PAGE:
Disability and the built environment: how to improve planning?
23 November 2016
The Women and Equalities Committee hears about the planning system and how it may limit the accessibility and inclusivity of the built environment for disabled people.
- Watch Parliament TV: Disability and the built environment
- Inquiry: Disability and the built environment
- Women and Equalities Committee
Purpose of the session
The Committee will hear from two panels: the first made up of those with a role in developing and implementing the planning system. The second panel will include those involved with the training and development of built environment professionals on inclusive design and accessibility.
Key themes likely to be examined include:
- The effectiveness of Government planning policy/ the National Planning Policy Framework in creating an accessible and inclusive environment
- The extent to which local planning policy is/can be used to create an accessible and inclusive environment, and if local authorities have the tools that they need to do so
- Where the creation of an accessible and inclusive environment sits within the priorities of national and local government
- How built environment professionals develop the necessary levels of knowledge around inclusive design and accessibility
- Good practice and gaps in training and advice.
Committee Chair, Maria Miller MP, said:
"Last month we heard some stark personal accounts of the challenges disabled people face accessing buildings and public spaces. Some of these problems were attributed to the planning system. Today we want to find out where problems lie and what can be done to address them. We'll be asking whether Government policy does enough to promote accessibility, how big a part commercial viability plays in developing accessible building design, and whether the current level of training and advice for built environment professionals is sufficient."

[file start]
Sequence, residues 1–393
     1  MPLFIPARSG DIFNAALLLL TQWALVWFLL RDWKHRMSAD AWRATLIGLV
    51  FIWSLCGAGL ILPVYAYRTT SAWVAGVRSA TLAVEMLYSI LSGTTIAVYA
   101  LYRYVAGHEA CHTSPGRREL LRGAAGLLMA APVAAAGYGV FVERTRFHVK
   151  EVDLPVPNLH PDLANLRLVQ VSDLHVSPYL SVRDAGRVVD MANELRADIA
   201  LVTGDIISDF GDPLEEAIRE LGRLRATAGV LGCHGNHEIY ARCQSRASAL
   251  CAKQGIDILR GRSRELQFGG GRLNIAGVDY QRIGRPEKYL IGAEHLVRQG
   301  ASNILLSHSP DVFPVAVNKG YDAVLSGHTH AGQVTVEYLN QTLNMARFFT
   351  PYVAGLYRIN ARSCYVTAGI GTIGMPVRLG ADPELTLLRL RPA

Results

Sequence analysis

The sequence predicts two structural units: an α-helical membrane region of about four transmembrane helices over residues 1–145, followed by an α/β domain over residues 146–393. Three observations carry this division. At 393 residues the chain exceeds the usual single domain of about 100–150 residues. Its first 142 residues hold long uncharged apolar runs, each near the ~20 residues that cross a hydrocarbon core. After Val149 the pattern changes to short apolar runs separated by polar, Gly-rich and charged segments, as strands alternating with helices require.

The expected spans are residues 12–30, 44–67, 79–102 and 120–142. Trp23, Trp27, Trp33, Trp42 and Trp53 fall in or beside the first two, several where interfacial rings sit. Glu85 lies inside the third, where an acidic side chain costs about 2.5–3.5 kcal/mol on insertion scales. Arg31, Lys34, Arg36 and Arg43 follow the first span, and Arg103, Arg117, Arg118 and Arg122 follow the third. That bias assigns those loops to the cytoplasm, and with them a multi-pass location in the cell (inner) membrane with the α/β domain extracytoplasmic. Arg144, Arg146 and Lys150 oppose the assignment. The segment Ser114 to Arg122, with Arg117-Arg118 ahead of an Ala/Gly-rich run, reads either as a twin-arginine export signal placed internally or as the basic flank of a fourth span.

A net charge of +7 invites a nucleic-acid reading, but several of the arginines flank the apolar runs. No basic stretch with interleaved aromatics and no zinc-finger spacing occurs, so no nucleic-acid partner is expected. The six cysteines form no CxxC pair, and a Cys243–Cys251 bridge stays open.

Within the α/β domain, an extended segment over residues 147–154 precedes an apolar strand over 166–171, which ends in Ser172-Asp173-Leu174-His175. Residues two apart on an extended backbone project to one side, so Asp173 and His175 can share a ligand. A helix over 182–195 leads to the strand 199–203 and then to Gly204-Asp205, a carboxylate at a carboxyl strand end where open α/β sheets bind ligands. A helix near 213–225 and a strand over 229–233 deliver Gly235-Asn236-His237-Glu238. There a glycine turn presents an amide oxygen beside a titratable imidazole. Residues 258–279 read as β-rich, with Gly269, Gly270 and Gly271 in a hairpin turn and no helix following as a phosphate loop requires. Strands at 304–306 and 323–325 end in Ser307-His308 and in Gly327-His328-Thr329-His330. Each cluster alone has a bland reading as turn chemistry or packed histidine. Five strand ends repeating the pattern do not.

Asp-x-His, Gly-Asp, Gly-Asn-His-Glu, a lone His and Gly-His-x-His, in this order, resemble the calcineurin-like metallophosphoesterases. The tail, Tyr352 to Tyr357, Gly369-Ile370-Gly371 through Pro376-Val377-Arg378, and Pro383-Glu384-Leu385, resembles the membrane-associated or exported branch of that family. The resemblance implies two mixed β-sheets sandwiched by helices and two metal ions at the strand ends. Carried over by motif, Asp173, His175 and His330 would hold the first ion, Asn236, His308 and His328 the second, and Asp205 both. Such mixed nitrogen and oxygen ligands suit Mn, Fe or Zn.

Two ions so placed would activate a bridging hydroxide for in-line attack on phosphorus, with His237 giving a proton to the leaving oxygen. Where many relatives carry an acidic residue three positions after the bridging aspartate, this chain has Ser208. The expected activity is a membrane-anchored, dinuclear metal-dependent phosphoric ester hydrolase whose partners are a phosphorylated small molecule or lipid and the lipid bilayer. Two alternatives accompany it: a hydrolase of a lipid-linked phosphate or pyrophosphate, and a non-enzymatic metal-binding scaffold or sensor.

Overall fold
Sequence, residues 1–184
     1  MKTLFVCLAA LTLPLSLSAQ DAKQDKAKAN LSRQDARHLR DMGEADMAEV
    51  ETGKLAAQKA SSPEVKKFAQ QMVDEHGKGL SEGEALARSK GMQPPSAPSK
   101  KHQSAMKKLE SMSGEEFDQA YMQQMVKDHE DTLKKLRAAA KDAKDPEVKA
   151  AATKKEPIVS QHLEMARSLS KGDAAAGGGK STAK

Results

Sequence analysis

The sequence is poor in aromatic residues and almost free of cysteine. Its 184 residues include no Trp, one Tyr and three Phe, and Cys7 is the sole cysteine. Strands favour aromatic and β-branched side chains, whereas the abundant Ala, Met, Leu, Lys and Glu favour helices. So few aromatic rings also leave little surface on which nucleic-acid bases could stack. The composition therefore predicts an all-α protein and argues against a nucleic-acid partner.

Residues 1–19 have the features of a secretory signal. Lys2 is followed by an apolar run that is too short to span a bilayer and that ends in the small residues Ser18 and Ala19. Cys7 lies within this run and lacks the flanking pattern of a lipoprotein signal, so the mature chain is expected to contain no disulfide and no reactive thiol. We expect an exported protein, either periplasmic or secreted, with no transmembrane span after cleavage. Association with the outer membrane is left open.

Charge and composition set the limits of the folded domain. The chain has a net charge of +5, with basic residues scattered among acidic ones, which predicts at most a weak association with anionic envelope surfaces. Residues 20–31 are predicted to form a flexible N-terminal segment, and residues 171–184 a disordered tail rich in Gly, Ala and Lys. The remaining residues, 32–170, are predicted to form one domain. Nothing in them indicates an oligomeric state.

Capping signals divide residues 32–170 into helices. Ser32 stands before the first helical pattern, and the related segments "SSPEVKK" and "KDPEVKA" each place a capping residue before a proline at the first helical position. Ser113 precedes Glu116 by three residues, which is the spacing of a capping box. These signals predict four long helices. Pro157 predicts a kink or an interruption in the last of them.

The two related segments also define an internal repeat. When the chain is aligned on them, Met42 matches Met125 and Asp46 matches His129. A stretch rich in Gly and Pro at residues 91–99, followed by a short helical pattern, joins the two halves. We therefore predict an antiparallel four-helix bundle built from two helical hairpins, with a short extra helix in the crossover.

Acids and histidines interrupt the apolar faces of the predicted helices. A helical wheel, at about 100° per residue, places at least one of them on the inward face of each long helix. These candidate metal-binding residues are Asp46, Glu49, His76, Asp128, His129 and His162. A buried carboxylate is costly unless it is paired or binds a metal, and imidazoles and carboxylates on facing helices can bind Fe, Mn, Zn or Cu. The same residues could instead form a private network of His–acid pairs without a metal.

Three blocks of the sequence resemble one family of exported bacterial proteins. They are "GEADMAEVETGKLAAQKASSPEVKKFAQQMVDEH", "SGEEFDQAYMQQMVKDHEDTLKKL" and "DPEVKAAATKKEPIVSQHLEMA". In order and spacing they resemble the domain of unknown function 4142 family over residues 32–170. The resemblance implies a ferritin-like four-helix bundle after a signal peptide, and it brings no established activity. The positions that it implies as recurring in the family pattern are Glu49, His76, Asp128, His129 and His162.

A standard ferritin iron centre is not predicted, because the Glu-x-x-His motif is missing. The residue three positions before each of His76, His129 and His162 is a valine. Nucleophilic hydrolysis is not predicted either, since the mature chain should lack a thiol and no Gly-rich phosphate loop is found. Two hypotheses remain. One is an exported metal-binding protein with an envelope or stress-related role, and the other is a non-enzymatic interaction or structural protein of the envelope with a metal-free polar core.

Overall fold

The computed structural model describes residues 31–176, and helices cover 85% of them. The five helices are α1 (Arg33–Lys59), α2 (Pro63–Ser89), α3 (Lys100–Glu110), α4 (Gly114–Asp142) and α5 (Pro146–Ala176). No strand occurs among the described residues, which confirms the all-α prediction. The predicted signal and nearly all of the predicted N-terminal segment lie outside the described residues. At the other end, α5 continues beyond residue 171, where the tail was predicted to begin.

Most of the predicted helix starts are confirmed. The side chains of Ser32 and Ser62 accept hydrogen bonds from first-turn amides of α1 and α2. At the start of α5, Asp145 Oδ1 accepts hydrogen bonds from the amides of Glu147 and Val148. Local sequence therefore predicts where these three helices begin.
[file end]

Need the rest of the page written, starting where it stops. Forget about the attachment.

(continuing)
Wednesday 23 November 2016, Grimond Room, Portcullis House
- Steve Quartermain CBE, Chief Planner, Department for Communities and Local Government
- Mary Travers, Group Manager (Plans), The Planning Inspectorate
- Councillor Izzi Seccombe, Chairman of the LGA's Community Wellbeing Board and Leader of Warwickshire County Council, Local Government Association
- Trudi Elliott, Chief Executive, The Royal Town and Planning Institute
- Clare Devine, Executive Director of Architecture and the Built Environment, The Design Council
- Julie Fleck, Project Lead, Built Environment Professional Education Project Board
- Simon Turton, Chair, National Register of Access Consultants
- Stephen Ware, The Royal Institute of British Architects (RIBA)
The accessibility of our homes, buildings and public spaces is an issue not just for those of us with a permanent physical disability. With an ageing population, it is likely that more and more of us will experience reduced mobility in our lifetime. There are also other needs to consider, such as mental health. In this inquiry we explore the extent to which those needs are considered and accommodated in our built environment, and ask whether more could be done to increase the accessibility and inclusivity of both new and existing properties and spaces.
- Disability and the built environment inquiry launched
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